In a system where miners or validators have all the power to reorganize transactions, batch auctions settlements can take away that power from them. This is because a batch settlement forces the miners to execute transactions regardless of the order they have. With a batch auction with uniform clearing prices, the order of the trades can not alter the prices.
Batch auctions allow dapps built on top of a protocol to offer users improved trading methods, such as:
Gasless order submission, or when users submit off-chain orders via signed messages
Enforcement of the same prices for all trades that happen at the same time, even if they are from different traders
Helping users get matched directly with one another – in a “coincidence of wants” – without depending on external, third party liquidity pools
Off-chain, more gain
Submitting off-chain orders through signed messages is a new way of conducting trading that has not been widely used before. Dapp users don’t need to submit on-chain orders for them to be valid. Rather, they can submit off-chain orders by signing a transaction with their order preferences (they are signing a message with their intent to trade).
Because the orders have been placed off-chain, the transactions are not sent to the mempool individually, until they are later sent and settled via the batch auction settlement transaction all at once. This means they can be settled all together in a single batch, which increases the difficulty to replicate and makes the re-organization of transactions irrelevant because all trades have the same price regardless of the order.
At the same time, off-chain orders can allow a protocol to be non-trading route dependent, so that even if a miner is able to pick up the signed messages and tries to take advantage of them, it would be irrelevant as the miner does not know against which AMM pool those trades will be settled. As the protocol does not force users to be bound to a specific trading path, it can focus on achieving better prices rather than on executing transactions the fastest.
Protocols that have price-finding mechanisms based on batch auctions with uniform clearing prices and coincidence of wants (CoWs) can offer their users a level of MEV protection unmatched by any other form of MEV prevention developed so far. (Coincidence of wants is an economic phenomenon where two parties each hold an item the other wants, so they exchange these items directly without the need of a third party providing liquidity to facilitate the exchange to happen.)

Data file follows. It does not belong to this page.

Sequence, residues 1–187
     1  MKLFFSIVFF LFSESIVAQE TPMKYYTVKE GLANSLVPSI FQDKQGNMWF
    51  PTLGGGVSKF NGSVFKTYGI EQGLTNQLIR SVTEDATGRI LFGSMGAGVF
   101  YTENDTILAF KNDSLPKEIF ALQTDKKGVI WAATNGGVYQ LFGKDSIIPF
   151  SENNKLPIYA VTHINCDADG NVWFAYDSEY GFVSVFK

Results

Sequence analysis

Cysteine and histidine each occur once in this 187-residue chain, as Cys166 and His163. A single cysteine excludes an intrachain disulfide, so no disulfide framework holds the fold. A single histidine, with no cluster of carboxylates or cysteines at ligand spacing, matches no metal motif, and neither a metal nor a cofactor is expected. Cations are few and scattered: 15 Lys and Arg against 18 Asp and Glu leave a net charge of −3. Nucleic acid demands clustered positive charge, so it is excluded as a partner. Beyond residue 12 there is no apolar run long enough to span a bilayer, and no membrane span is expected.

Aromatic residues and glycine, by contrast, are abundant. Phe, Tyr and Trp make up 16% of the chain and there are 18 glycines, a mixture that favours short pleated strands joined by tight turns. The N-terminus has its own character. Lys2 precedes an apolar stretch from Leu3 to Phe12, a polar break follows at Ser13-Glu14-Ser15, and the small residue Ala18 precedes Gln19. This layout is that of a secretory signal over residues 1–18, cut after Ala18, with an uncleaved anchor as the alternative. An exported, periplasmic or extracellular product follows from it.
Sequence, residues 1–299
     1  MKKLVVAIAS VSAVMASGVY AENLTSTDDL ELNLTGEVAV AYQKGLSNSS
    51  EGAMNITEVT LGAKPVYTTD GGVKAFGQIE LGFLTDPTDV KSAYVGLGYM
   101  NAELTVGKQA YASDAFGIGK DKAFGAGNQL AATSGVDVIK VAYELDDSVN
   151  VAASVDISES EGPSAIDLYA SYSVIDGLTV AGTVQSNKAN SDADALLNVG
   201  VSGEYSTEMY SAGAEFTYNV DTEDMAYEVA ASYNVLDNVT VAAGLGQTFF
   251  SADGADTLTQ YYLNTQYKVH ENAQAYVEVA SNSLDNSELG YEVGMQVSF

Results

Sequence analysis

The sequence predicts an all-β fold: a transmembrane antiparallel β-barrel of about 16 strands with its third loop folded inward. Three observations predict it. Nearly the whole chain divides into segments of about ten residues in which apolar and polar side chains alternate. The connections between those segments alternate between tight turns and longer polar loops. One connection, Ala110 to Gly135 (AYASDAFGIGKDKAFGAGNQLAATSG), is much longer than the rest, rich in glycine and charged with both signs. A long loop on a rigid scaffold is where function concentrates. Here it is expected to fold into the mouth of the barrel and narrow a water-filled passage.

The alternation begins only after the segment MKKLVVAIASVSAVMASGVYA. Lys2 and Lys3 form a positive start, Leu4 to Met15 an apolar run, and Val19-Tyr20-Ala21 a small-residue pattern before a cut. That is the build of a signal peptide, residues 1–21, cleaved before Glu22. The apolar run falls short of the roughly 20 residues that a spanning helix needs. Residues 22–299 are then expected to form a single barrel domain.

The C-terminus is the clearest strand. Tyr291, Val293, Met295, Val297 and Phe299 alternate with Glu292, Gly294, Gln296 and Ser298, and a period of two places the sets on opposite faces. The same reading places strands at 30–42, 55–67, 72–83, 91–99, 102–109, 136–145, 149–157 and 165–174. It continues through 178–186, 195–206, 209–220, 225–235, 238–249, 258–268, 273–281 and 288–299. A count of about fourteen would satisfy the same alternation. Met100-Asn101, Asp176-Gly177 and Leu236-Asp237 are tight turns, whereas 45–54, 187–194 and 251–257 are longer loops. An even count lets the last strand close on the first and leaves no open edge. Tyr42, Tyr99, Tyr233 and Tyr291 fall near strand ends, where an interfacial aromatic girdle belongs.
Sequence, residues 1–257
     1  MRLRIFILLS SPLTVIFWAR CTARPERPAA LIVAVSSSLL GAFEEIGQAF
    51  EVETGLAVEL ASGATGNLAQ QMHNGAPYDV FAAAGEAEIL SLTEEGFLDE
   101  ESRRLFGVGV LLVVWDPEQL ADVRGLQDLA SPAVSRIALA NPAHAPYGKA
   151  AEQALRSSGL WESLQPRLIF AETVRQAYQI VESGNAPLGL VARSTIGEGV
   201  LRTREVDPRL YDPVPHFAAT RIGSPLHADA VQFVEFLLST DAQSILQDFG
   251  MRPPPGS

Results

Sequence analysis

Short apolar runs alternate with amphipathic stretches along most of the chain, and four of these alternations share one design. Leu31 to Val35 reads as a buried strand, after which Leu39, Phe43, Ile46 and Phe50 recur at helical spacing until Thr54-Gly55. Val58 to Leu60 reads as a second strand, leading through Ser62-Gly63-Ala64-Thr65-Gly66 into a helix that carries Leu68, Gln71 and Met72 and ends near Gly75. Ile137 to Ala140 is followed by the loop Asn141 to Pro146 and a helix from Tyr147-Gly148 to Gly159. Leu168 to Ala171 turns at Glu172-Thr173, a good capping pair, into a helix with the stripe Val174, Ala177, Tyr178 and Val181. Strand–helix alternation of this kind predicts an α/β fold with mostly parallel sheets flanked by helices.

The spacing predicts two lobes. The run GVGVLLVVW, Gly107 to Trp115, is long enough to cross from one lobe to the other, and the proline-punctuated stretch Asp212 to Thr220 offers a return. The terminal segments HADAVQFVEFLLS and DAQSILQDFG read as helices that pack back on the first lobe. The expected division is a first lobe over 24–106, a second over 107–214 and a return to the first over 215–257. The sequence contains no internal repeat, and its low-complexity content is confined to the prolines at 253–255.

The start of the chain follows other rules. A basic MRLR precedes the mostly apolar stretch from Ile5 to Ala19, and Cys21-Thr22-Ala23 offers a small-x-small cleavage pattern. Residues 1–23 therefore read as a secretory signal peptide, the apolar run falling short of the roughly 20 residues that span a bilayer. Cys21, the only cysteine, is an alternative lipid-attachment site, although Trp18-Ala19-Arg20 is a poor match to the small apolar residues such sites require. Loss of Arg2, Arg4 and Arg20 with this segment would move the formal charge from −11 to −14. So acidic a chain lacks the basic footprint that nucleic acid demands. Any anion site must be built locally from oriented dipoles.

On a deeper level, this means that if protocols use batch auctions instead of a constant function market maker design, they can offer their users the chance to settle trades directly based on the CoWs that can be found. The protocol can therefore optimize prices according to the different orders it receives in each batch, so that it’s always able to give the best price to traders while protecting them from MEV. As we mentioned before, batch auctions can also allow a protocol to establish uniform clearing prices, which, along with CoWs, can help users be protected from MEV.
This protection comes from the fact that, because the protocol matches the trades without external on-chain liquidity. In other words, in the event of a COW, the protocol would not need to execute an on-chain transaction against an automated market maker (AMM) to make the trades liquid.
Additionally, if no CoWs can be found, uniform clearing prices within a batch auction make the transaction ordering of the auction irrelevant because all trades of the same token pair get the same settlement price, therefore removing the possibility of MEV actors having a chance to extract value by reorganizing transactions.
MEV is a growing problem for Ethereum, but it can be mitigated. Protocols focused on batch auctions, with these sorts of qualities, can help the DeFi-automated market maker space in the fight against MEV. It’s up to us as a community to ensure we only use those dapps that have the users interest at heart, and that allow them to coordinate trades in a smarter and more efficient manner.
Thanks to Alex Vinyas & the Gnosis team for their feedback in developing this op-ed.